LoL Worlds 2022: Record peak viewership achieved as DRX claim surprise title
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Well, that’s it, another League of Legends esports season has to come to an end, but what a finish we had in the World Championships.
South Korean org DRX picked up their first ever international title, and in doing so, became the first team to come through the play-in tournament and take the trophy.
But it wasn't just the team that broke records, with the finals setting record peak viewership as esports continues to show its value alongside traditional sports.
Road to glory
DRX’s victory in San Francisco was the culmination of a long Worlds campaign which had started over a month earlier in the play-ins in Mexico City.
A 5-0 record was the perfect start in New York to what would be their 26-game journey, with Fnatic the conquerors of the other group with a 4-1 record.
Evil Geniuses and Royal Never Give Up had to go through the play-in knockouts, but both picked up 3-1 victories over LOUD and DetonatioN FocusMe respectively.
This where the competition really started, with sides playing three best-of-three matches. T1, Edward Gaming, JD Gaming, DWG KIA, Gen.G and Royal Never Give Up came through their groups, with the only tight one being DRX’s and Rogue’s who both drew two matches and had to play-off for top spot.
In the quarter-finals, JD Gaming and T1 both recorded 3-0 victories, but things were much closer in the other two contests with both going down to the final game. Gen.G edged out DWG KIA 3-2, and fellow Korean outfit DRX pulled off an epic reverse sweep to knock out China’s Edward Gaming.
On to the semis in Atlanta, and T1 guaranteed there would be a South Korean winner by coming back from 1-0 down to defeat JD Gaming 3-1. T1 vs Gen.G was the final many had expected, but DRX continued their fairytale journey by also bouncing back from 1-0 down to make it to the final in San Francisco.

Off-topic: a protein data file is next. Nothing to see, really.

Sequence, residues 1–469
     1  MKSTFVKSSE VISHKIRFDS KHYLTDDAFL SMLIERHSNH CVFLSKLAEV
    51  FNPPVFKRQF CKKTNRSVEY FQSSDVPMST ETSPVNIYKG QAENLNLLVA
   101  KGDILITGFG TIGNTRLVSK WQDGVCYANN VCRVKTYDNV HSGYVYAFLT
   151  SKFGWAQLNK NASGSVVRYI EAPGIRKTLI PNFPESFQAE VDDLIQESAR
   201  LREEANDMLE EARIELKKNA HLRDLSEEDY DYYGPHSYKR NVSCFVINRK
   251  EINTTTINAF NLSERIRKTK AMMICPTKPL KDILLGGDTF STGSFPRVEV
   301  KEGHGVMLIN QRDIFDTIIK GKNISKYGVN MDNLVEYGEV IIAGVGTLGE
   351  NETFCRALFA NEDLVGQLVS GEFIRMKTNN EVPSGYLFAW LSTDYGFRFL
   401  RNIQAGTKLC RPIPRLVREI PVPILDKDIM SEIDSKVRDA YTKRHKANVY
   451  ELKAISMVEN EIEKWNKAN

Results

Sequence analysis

T1 were the favourites going into the final, but given DRX’s form that had been going for a whole month, we were set for an epic contest – and it didn’t disappoint.
The two sides matched each other up on the first four games, meaning the final went down to a decider, and was clinched by DRX, going down in history as one of the biggest shocks in LoL esports history.
DRX’s Hwang “Kingen” Seong-hoon was named the Finals MVP having put “on a clinic” as legend Aatrox, overcoming T1’s Choi “Zeus” Woo-je, who was earmarked as being the best top laner at the tournament.
Hitting new heights
It wasn’t just DRX hitting new records, as the Grand Final saw a record peak off 5.1 million viewers, the highest ever for a League of Legends event.
This was despite awkward viewing times – with the tournament as a whole rending downward to last year – but given DRX’s remarkable run against giants T1, it seems many fans got up or stayed up for the finale.
This is a significant marker for esports as a whole, as it narrows the gap on traditional sports.
Last year’s Worlds Final, which saw Edward Gaming defeat DWG Kia in an epic, achieved total viewership of almost 74 million for the broadcast.
By comparison, Golden State Warriors’ victory over Boston Celtics in the 2022 NBA Finals only picked up 17 million views, and the Women’s EUROs final chalked up 50 million as England defeated Germany in extra time.
The final F1 race of last season – with the championship on the line – saw close to 109 million viewers, which is still well behind the Super Bowl on 208 million.
That still languishes behind the 2022 Champions League final, with Real Madrid’s victory over Liverpool watched by 390 million viewers worldwide.
If esports continues this growth, and continues to take advantage of being a truly global “sport”, uniting the west and the east, as well by being free-to-watch on online platforms, it can step into the forefront.
This could be media and public perception, or seen as a viable place for brands to advertise and learn about the community.